If you read our best sitcoms of 1976 list, you know The Bob Newhart Show topped the charts. Newhart doesn’t quite reach that level, but it’s a very funny show in its own right. Newhart wasn’t as natural as Dick Loudon as he was as Bob Hartley, and the show took a little time to find its footing, with a number of cast changes over its early seasons. By 1986, though, Newhart would be surrounded by such great collaborators as Tom Poston, Julia Duffy and Peter Scolari, and the show wsa firmly established as one of the smartest and funniest of the decade. It also gave us Larry, Darryl, and Darryl, not to mention one of the most iconic series finales of all time.
Here’s a show that needs no introduction. Love for Golden Girls has never died. Four old ladies live together and crack wise. It won two Emmys for Outstanding Comedy Series. Most impressively, all four of its main actresses, Bea Arthur, Estelle Getty, Rue McClanahan, and Betty White, all won Emmys for their work. It was a true ensemble sitcom. Sitcoms are so often about young, attractive people. Golden Girls proved that, shockingly, as long as you write good characters you can make a good show about just about anybody.
When we mentioned the fraying, and experimentation, of pop culture in 1986, this is a perfect example. It’s Garry Shandling’s Show aired on Showtime, an early pay cable network that celebrated its tenth birthday shortly before the show debuted. (Later, in 1987, slightly edited reruns aired . It was a sitcom, but it was also a deconstruction of the sitcom. Shandling, a true comedic genius, played himself as the star of a sitcom. He constantly broke the fourth wall, openly addressing the live studio audience and the viewers at home, to the bemusement of the show’s other characters, who rarely acknowledge the audience until Shandling pointed them out. When stock sitcom plots started happening, Shandling would point out how crazy it was that his life was just like a sitcom. He would go on to better things with The Larry Sanders Show, but It’s Garry Shandling’s Show would have been a fitting pinnacle for most careers.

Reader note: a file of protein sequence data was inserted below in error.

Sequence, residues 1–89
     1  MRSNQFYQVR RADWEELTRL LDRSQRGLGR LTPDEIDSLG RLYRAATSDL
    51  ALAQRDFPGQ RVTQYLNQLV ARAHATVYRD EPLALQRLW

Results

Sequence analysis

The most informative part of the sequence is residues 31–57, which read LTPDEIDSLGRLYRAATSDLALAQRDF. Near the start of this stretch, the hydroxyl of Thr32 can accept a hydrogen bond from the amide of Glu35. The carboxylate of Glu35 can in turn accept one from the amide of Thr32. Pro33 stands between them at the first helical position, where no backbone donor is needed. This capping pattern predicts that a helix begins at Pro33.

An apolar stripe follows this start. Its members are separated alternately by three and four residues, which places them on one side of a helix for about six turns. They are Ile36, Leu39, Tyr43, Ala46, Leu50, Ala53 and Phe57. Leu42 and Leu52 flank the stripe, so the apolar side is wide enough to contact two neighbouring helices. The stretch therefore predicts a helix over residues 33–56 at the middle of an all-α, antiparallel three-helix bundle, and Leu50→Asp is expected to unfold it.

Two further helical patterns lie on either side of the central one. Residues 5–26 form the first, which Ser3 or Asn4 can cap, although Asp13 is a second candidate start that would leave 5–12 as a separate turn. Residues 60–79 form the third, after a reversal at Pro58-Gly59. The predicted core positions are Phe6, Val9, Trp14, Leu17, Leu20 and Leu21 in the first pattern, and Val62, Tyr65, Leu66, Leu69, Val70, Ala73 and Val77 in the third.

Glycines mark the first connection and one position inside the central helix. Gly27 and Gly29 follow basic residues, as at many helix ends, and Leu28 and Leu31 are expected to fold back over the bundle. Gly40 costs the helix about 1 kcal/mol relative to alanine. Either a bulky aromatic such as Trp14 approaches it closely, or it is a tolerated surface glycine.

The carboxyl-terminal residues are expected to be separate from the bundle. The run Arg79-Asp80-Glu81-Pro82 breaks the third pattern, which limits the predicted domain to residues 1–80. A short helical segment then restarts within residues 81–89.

Night Court has kind of a brilliant concept for a sitcom, and it’s all right there in the title: it’s set in the night shift of a New York City court, where everything feels just a little bit seedy. In some ways, there were two versions of the show. It started off idiosyncratic but kind of realistic, like a spiritual successor of Barney Miller set in a court. (The show’s creator, Reinhold Weege, was a writer on Barney Miller.) Then it went completely off the rails and became a super broad and crazy show with a roster of cartoonish characters. Both versions work. When the cast settled down after a series of early changes (two different regulars died of cancer during the first three seasons), it turned into one of the tightest sitcom ensembles of the decade. 1986 saw that group come together for the first time, as Marsha Warfield joined Harry Anderson, John Larroquette, Richard Moll, Charles Robinson and Markie Post, who had only been on the show for one season at that point. An interesting trivia note that highlights one of the main reasons the show was so good: John Larroquette was so great as the slimy prosecutor Dan Fielding that he won four Emmys in a row. He had to withdraw his name from future consideration to keep it fair for all the other actors, which is something the cast of Modern Family should maybe think about.
Come on. What other show could it be? Cheers is a brilliant sitcom that is rightfully considered perhaps the best of all-time. Its cast changed a few times early in its run (RIP Coach), but by 1986 almost all of the core cast that would carry it all the way to 1993 was intact, with Frasier and Woody established as regulars. The 1986-1987 season was also Shelley Long’s last as Diane Chambers. Also, 1986 saw the fantastic Thanksgiving episode, which is still one of the best holiday-themed TV episodes of all time. The characters were great. The actors were great. It was full of brilliant jokes. Some of it has not aged well, including some of the Sam and Diane stuff, but the show still holds up on the sheer power of its comedy. Sometimes you want to go where everybody knows your name, and sometimes you want to watch a show about a place where that’s true.
Chris Morgan is not the author of THE book on Mystery Science Theater 3000, but he is the author of A book on Mystery Science Theater 3000. He’s also on Twitter.